November 1, 2010
Delfino Guevara-Indian Music from Mexico
The cuisine of the Yucatan Peninsula is different from that of the rest of Mexico. They share tortillas and boiled beans, and the general plan of tamales and the like, and the Spanish heritage is more or less the same, but all these took different local forms quite early. Yucatecans refer to the rest of the country simply as "Mexico," as if it were a foreign nation.
Until Porfirio Diaz forced the railroad lines through to Merida, Yucatan's principal trade ties were not with "Mexico" but with Cuba. Contact was through Campeche and (later) Progreso, by sea. Mexico had to be reached by sea also--sailing to Veracruz. It is not surprising that Yucatan is a museum of Cuban influences, especially in the cuisine. Afro-Cuban influences are shared. So are achiote, and a preference for black beans. Noteworthy is the use of bitter orange juice where other parts of continental Latin America would use lime juice and where Peninsular Spain would usually use vinegar. Bitter orange is a different species from sweet orange (Citrus aurantium instead of C. sinensis), and has to be grown specially. It came with the Spanish to Cuba, very early, and became important there. Use spread to Haiti, where it is used in vodun as well as ordinary cooking . Its use, especially as a thinner for achiote, is a distinctly Cuban trait.
From ancient times, the Maya made full use of tomatoes and chiles; surely k'utbi p'ak and k'utbi ik are not new. Given the conservatism of rural ways in Yucatan, we can safely assume that the simpler recipes below, such as ts'anchak and ts'ik, date back to ancient Maya days. For one thing, they have Maya names. Recipes with Spanish names are likely to be newer. Most recipes have undergone "mestizoization" (yes, that is a real word) in Yucatan. In the peninsula, the Maya became a so-called "caste," rather than an isolated minority. Poor rural workers, and even poor urban workers, spoke Maya. Rich people spoke Spanish. Many Maya had appreciable Spanish ancestry; conversely, many "mestizos" have no discernible Spanish ancestry. The Maya assimilated many foreigners; I know Maya who have backgrounds ranging from African and Korean to Chinese, Lebanese, and Scandinavian.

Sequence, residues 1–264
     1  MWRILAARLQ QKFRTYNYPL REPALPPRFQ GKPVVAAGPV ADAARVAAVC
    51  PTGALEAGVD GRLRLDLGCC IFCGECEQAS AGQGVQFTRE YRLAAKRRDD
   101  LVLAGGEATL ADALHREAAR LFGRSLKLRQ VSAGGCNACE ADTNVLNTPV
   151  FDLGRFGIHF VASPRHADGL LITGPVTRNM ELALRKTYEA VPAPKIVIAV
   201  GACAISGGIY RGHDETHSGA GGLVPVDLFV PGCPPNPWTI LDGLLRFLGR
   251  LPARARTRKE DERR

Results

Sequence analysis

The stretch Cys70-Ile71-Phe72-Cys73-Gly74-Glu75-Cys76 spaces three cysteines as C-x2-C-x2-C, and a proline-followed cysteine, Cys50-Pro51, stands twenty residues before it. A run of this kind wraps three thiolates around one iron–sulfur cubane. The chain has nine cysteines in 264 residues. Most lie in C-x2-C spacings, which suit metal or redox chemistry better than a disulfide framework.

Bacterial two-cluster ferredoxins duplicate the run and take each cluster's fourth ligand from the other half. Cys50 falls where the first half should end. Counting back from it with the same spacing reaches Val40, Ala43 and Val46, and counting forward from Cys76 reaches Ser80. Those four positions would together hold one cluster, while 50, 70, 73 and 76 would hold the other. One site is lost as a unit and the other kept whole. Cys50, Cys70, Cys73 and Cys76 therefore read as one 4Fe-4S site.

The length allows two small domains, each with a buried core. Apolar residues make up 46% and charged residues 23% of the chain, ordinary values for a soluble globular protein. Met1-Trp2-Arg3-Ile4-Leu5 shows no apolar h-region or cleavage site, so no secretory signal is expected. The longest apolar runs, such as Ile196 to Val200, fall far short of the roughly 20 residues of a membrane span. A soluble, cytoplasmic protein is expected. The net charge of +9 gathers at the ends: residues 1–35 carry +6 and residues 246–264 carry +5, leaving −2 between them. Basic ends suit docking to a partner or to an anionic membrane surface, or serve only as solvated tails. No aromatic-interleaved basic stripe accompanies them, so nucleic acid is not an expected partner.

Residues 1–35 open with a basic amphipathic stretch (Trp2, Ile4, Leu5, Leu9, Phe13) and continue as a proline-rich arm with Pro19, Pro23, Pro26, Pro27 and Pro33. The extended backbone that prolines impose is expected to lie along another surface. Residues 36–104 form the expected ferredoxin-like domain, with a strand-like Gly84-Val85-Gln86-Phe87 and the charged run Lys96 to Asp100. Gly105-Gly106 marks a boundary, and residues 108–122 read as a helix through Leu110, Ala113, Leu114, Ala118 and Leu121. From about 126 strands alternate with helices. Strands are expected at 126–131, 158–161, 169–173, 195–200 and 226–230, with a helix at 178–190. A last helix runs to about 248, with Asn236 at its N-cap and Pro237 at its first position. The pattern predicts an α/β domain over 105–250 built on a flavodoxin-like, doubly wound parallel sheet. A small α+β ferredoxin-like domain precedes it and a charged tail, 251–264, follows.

A characteristic of Yucatan is the profusion of spice pastes, mostly based on chiles and achiote, known asrecados. This is one of those Caribbean features; similar pastes occur in Cuba and other islands. This is a local pronunciation of the Spanish word recaudo, "collection." The Maya word for these and any spice mix is just xak', "mix." Recados can be bought readymade in Yucatan, but elsewhere they must be made at home...
tenths of recipes and a good reading
also a basic presentation is here
Delfino & the flutes